Why It Makes Sense To Pay For First Class On Domestic Flights

I recently wrote about how American Airlines sells the cheapest international upgrades. If you buy a coach ticket, check how much they’re selling a business class upgrade for on your itinerary. And then check back. The price may fall dramatically as your travel date approaches – as low as $350 for Los Angeles to Sydney.

American Airlines Boeing 777-300ER Business Class

American has become very aggressive in making upgrade offers, especially on flights that don’t appear to be selling in domestic first class. Those ‘buy ups’ haven’t earned extra Loyalty Points towards status (American had been unwilling to invest in the IT necessary for this). However they’ll frequently let you travel up front for less than the price of buying first or business class directly.

That means, by the way, that status with the airline is worth a lot less than it used to be. The most prized benefit was upgrades. But now that they’re selling premium seats for ‘tens of dollars’ extra, there aren’t very many premium seats left for upgrades. It’s a big reason why chasing top tier elite status no longer makes sense, and mid-tier is the real sweet spot.

American Airlines Domestic First Class

But it’s not just buy ups where American has gone down market. Looking for a one-way trip from Washington DC to Austin that I need in the coming weeks, the first 9 options all had first class just $100 more than coach. This was for both segments of a connecting itinerary through Charlotte or Dallas – Fort Worth.

If you wanted to assign premium seats without status (most of what’s available, especially avoiding middle seats) that’s running:

  • $19 – $41 for DC – Charlotte
  • Plus $17 – $39 for Charlotte – Austin

And if you were checking a bag without status, that’s $30 for the first checked bag and $40 for the second. You could spend as much as $150 on seats and two checked bags and you’d still be sitting in coach (though at that price, Main Cabin Extra extra legroom seats, where the cocktails are included).

Paying $100 for first class seems like a better deal for a bigger seat. Is it any wonder that American Airlines first class meals can cost as little as $1? Though I’m not a fan of the short rib, either:

American Airlines Short Rib

While American Airlines has seemed most aggressive in selling its premium cabin inexpensively, they’re certainly not alone. It wasn’t much more when I flew Los Angeles to Austin on Delta earlier this month. And while Spirit Airlines charges more for their ‘Big Front Seat’ (bigger seat at the front of the plane) than they used to, it’s still often less than competitors charge for regular coach.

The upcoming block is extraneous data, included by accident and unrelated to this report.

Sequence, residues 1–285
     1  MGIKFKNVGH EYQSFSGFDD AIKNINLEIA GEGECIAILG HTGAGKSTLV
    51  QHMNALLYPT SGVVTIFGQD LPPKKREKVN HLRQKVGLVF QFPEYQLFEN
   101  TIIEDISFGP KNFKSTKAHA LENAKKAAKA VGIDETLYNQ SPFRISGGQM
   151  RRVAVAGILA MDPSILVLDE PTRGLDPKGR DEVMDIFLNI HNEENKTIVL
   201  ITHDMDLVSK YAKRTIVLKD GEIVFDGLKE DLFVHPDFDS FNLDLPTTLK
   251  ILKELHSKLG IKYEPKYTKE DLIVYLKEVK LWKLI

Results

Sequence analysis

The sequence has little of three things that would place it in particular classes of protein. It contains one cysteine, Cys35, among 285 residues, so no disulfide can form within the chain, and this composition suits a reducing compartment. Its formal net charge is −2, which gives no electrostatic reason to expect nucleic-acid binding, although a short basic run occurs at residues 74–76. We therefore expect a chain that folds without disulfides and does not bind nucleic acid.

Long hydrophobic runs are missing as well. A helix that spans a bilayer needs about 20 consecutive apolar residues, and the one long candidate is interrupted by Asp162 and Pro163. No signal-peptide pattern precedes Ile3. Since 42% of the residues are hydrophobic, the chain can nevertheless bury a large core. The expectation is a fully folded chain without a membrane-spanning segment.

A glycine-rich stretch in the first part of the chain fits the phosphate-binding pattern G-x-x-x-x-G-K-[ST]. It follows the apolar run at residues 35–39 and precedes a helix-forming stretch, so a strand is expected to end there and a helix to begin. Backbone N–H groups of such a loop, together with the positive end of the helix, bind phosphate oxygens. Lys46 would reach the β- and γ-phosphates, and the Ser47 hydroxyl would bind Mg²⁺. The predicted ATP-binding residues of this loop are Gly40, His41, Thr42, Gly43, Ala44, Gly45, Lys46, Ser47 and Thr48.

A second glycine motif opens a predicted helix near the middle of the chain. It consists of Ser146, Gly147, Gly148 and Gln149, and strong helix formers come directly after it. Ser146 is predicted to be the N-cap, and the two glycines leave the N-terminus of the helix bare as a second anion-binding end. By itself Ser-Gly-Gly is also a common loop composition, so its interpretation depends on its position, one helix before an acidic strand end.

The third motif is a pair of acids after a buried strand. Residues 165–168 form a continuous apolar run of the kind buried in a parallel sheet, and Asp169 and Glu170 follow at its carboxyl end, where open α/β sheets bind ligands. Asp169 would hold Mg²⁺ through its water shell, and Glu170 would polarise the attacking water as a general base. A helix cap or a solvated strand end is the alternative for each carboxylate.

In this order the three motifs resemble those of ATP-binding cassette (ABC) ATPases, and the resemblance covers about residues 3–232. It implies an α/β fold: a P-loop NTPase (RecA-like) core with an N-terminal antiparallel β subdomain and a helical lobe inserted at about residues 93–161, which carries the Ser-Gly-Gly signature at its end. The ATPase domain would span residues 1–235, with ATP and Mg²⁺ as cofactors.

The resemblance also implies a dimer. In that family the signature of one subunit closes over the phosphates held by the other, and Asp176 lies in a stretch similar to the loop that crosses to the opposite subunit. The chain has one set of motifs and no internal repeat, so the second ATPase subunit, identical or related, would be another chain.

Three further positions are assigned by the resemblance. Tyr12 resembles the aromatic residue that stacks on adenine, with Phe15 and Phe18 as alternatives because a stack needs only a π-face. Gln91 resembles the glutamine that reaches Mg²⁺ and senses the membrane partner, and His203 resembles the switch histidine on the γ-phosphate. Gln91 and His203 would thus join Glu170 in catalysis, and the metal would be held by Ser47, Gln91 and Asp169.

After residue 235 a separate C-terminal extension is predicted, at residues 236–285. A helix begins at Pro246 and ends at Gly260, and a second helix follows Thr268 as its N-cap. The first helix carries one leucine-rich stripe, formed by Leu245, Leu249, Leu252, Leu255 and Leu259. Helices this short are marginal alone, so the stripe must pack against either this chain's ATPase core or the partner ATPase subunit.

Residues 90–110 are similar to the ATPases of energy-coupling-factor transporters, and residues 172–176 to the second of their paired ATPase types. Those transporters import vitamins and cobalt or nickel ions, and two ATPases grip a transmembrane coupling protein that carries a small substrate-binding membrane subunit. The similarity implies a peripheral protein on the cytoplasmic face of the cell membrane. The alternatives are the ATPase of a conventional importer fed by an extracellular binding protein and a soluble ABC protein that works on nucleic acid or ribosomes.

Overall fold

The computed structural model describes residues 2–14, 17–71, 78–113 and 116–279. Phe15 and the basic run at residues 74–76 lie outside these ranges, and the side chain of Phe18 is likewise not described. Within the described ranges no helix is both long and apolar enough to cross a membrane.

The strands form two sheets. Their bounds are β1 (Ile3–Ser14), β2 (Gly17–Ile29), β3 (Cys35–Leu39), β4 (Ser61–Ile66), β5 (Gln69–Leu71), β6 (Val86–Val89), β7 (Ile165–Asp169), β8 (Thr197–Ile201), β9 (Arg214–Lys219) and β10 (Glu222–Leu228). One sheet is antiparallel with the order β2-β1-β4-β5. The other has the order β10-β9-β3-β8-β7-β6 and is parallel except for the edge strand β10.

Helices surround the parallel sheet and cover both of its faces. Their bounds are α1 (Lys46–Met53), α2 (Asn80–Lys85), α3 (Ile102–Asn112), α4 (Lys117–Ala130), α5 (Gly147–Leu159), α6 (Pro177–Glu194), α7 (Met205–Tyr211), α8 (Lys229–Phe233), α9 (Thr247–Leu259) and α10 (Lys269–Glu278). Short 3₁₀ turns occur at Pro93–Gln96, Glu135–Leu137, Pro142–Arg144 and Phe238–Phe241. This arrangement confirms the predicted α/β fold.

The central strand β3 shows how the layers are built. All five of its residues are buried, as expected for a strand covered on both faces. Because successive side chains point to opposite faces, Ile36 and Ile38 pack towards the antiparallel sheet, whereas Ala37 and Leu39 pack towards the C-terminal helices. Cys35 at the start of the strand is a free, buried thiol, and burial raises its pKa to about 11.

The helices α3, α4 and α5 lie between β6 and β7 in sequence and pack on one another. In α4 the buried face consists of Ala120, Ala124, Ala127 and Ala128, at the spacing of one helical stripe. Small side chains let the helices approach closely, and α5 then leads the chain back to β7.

Delta Air Lines Boeing 737-800 First Class

The point is that you should (1) always do the math rather than assuming that paying for first class isn’t worth it, or a frivolous luxury, and (2) set your expectations appropriately for what you’re buying.

About Gary Leff

Gary Leff is one of the foremost experts in the field of miles, points, and frequent business travel - a topic he has covered since 2002. Co-founder of frequent flyer community InsideFlyer.com, emcee of the Freddie Awards, and named one of the "World's Top Travel Experts" by Conde' Nast Traveler (2010-Present) Gary has been a guest on most major news media, profiled in several top print publications, and published broadly on the topic of consumer loyalty. More About Gary »

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  1. That’s a weird example to use, no?. $398 one-way, one-stop from DC to Austin in coach seems overpriced to begin with. So yeah, if you HAVE to fly to Austin and AA’s going to get $398 from you in coach, you might as well buy-up to F for $100. But this seems more like an exception than typical.

  2. Status still gets you systemwide upgrades, and quite a few of them. Yes, they are sometimes hard to get, and always a pain to redeem (have to call after booking), but having done 8 of them in the last couple of months, it’s not that bad as long as you plan ahead, and I try to get at least $200+ worth of value for each upgrade.

    And yes, trying to get upgraded a few days before the flight is a waste of time, and I’m 500k annual.

  3. After decades of “wasting” first class space on upgrades, they’ve finally learned it’s better to sell first class at a lower price and sell it out rather than leaving a percentage open for upgrades.

    This is something Delta had been doing prior to the pandemic.